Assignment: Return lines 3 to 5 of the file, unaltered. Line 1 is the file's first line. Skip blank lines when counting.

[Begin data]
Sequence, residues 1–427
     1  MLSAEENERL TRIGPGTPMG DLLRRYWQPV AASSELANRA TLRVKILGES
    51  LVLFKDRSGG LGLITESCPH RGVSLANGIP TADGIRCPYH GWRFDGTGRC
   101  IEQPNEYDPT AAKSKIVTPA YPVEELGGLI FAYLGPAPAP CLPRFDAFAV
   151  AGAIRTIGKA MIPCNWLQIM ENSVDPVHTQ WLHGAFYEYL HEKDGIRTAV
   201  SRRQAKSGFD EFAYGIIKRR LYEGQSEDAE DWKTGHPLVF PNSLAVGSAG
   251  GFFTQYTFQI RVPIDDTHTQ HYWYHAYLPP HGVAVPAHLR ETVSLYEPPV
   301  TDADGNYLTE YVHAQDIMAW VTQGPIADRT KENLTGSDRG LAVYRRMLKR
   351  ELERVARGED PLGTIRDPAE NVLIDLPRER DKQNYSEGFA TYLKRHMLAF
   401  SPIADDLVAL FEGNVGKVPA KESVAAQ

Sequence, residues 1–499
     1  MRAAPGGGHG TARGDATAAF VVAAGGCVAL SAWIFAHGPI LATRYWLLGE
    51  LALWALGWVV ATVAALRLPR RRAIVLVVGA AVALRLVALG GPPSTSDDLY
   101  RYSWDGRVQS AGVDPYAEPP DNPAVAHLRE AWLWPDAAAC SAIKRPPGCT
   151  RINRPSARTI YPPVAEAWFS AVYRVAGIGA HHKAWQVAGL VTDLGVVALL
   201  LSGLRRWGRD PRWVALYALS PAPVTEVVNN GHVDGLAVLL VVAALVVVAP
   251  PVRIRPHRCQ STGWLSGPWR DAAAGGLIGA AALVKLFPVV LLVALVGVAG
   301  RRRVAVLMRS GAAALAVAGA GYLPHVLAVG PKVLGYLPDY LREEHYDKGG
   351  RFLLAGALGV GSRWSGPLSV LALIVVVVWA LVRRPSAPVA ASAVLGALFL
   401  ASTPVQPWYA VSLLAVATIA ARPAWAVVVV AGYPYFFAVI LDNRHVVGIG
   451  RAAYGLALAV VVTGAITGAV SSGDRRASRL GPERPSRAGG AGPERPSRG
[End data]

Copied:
    51  LVLFKDRSGG LGLITESCPH RGVSLANGIP TADGIRCPYH GWRFDGTGRC
   101  IEQPNEYDPT AAKSKIVTPA YPVEELGGLI FAYLGPAPAP CLPRFDAFAV
   151  AGAIRTIGKA MIPCNWLQIM ENSVDPVHTQ WLHGAFYEYL HEKDGIRTAV